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A helping hand: support your local community by volunteering
It has long been recognised that volunteering is not only good for those on the receiving end of the support and services, but that it’s a positive thing for the well-being of individual volunteers and for communities. It’s a classic win-win.
And as a newcomer to an area it can also be a great way to get out and meet people, learn different skills, practise a new language and understand your environment.
Social problems, inequality and isolation means that, sadly, there’s no shortage of calls for volunteers to keep vital support services going in Belgium. Or maybe you’d prefer to get involved in kids’ activities or animal welfare? Whether you’re studying, retired, out of work or simply have some spare time between other commitments, there should be something that suits all situations. Among the many volunteering options in Belgium, there are some activities for which a good knowledge of French and/or Dutch are required, but it isn’t always needed.
Whatever your calling, finding the right match between the needs of the community and your spare time, skills and interests can feel like an overwhelming task. Here are some ideas to get things started.
A wide range of organisations run social assistance projects that typically focus on vulnerable groups, poverty and homelessness. Serve the City operates globally, and in Brussels runs weekly activities including projects for teenagers, refugees and people who are homeless or in crisis. Groups such as Les Samaritains and Operation Thermos need volunteers to help distribute food on the street, while Restos du Coeur runs 15 canteens in Belgium, providing hot meals and social services. Samusocial, which helps the homeless in Brussels, mainly uses staff but seeks volunteers on an ad hoc basis. Serve the City helps run a homework club at a Samusocial shelter in Woluwe-Saint-Lambert. The Red Cross has a wide remit including attending emergencies and events, visiting isolated people, accompanying children on prison visits, and blood donation drives. Meanwhile, Solidare-It aims to connect people directly by providing an online platform to offer and request help.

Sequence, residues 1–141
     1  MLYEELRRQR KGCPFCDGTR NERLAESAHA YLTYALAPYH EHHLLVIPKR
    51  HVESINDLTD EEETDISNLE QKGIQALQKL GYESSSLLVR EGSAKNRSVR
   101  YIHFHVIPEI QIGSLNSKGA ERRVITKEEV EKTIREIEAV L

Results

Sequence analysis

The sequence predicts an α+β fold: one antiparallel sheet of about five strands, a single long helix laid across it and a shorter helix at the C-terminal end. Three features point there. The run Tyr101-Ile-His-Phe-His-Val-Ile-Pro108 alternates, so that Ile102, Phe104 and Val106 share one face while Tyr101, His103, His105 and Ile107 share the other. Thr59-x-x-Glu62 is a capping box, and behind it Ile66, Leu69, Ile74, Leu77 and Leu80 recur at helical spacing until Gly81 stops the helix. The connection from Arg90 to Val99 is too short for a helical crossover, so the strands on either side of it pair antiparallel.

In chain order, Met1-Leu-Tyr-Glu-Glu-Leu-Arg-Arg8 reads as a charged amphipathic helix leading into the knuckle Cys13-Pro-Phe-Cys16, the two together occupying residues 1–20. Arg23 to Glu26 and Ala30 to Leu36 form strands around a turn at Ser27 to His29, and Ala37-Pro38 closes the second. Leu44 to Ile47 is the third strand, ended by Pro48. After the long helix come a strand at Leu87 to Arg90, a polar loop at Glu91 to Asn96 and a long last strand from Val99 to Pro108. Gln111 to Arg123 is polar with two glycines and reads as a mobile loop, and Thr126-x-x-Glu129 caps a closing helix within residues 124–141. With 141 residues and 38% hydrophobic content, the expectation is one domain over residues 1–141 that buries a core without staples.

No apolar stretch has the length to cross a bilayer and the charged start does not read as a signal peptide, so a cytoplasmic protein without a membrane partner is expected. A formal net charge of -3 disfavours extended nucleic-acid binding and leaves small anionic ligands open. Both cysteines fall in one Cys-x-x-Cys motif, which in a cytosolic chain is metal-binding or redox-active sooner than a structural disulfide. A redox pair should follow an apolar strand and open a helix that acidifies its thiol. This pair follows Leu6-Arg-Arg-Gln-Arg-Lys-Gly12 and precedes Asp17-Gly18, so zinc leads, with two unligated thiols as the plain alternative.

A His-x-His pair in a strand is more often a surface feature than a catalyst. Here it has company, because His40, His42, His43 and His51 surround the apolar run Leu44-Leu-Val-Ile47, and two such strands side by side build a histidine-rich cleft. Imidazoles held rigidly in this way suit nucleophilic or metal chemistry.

Refugees & asylum seekers
Several organisations already listed serve vulnerable refugees, asylum seekers and migrants in Belgium, but the following specialise. The Citizens’ Refugee Support Platform (Plateforme citoyenne de soutien aux réfugiés) is made up entirely of volunteers responding to the migrant crisis. Its work focuses on Maximilian Park in Brussels and a nearby multi-agency hub, as well as a reception centre. It also coordinates the hosting of refugees in citizens’ homes via the Facebook group Hébergement Plateforme Citoyenne. The group works closely with Belgium Kitchen, which distributes hot food around North station. Convivial is a first point of call for asylum seekers in Brussels and works with volunteers, while NGO Caritas International supports refugees and migrants abroad and in Belgium. In Flanders, Flemish Refugee Action’s work centres on support, integration and campaigning.
It’s also possible to pitch in and help the Belgian arm of global organisations doing campaigning and humanitarian work overseas. Amnesty International accepts applications online, with tasks dependent on skills and time commitment. Handicap International helps people with disabilities in around 60 countries, and also gets involved during crises such as natural disasters and conflicts. And Emergency – which provides healthcare for victims of war, poverty, and landmines – has a Brussels volunteers group that holds talks and fundraising events.
Brussels-based non-profit Community Help Service offers mental health services to English-speakers via a helpline and centre, and volunteers are used in both. Medecins du Monde provides medical assistance in Belgium and abroad and lists voluntary positions in its jobs section. Hospitals often need volunteers, for example to accompany people to appointments – contact your local one to see what’s needed. Serve the City runs weekly tea and chats with elderly patients in Brugmann Hospital, Schaerbeek.
Many groups for young people rely entirely on volunteers to keep going. Parents and relatives volunteer for coaching and other duties with Brussels Sports Association, which runs competitive sports for children in the international community. British Scouting Overseas has three English-speaking troops in Brussels – Brussels 1st, 1st Waterloo and Central Brussels – and training is available for volunteers. Ad hoc help is also needed. There are 12 units in the Belgian section of British Girlguiding, for girls aged five to 18, and they’re keen for volunteer leaders. See the Brussels and Waterloo Girlguiding Facebook group.
Help Animals occasionally needs to add to its team, with duties including dog walking at their Anderlecht refuge. Various physical and admin tasks are asked of volunteers at SRPA’s shelters in Liège and Arlon. And La Croix Bleue’s three refuges also recruit helpers to walk dogs and monitor their behaviour.
This article first appeared in The Bulletin spring 2018